A broad range of neural and behavioral data suggests that the brain contains multiple systems for behavioral choice, including one associated with prefrontal cortex and another with dorsolateral striatum. However, such a surfeit of control raises an additional choice problem: how to arbitrate between the systems when they disagree. Here, we consider dual-action choice systems from a normative perspective, using the computational theory of reinforcement learning. We identify a key trade-off pitting computational simplicity against the flexible and statistically efficient use of experience. The trade-off is realized in a competition between the dorsolateral striatal and prefrontal systems. We suggest a Bayesian principle of arbitration between them according to uncertainty, so each controller is deployed when it should be most accurate. This provides a unifying account of a wealth of experimental evidence about the factors favoring dominance by either system.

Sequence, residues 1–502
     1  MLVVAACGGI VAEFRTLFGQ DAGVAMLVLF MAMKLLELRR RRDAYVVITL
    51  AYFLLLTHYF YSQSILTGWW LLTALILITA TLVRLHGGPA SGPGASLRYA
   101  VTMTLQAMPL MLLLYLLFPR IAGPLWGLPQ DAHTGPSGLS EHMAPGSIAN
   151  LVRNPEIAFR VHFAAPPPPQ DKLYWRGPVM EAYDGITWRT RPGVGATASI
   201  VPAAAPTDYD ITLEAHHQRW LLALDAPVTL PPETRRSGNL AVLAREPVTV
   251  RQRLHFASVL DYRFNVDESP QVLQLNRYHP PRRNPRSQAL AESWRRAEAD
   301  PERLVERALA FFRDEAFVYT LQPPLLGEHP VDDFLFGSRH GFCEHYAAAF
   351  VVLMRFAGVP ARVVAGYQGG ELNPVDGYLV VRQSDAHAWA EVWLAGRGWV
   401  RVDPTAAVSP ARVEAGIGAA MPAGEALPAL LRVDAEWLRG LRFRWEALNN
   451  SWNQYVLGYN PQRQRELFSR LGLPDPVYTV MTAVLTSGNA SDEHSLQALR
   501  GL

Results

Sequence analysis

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We are grateful to B. Balleine, A. Courville, A. Dickinson, P. Holland, D. Joel, S. McClure and M. Sahani for discussions. The authors are supported by the Gatsby Foundation, the EU Bayesian Inspired Brain and Artefacts (BIBA) project (P.D., N.D.), a Royal Society USA Research Fellowship (N.D.) and a Dan David Fellowship (Y.N.).
The authors declare no competing financial interests.
Value propagation in tree search, after 50 steps of learning the task in Figure 1a. (PDF 248 kb)
Example of learning in the cache algorithm, following a single transition from state s to s′ having taken action a. (PDF 306 kb)
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Daw, N., Niv, Y. & Dayan, P. Uncertainty-based competition between prefrontal and dorsolateral striatal systems for behavioral control. Nat Neurosci 8, 1704–1711 (2005). https://doi.org/10.1038/nn1560
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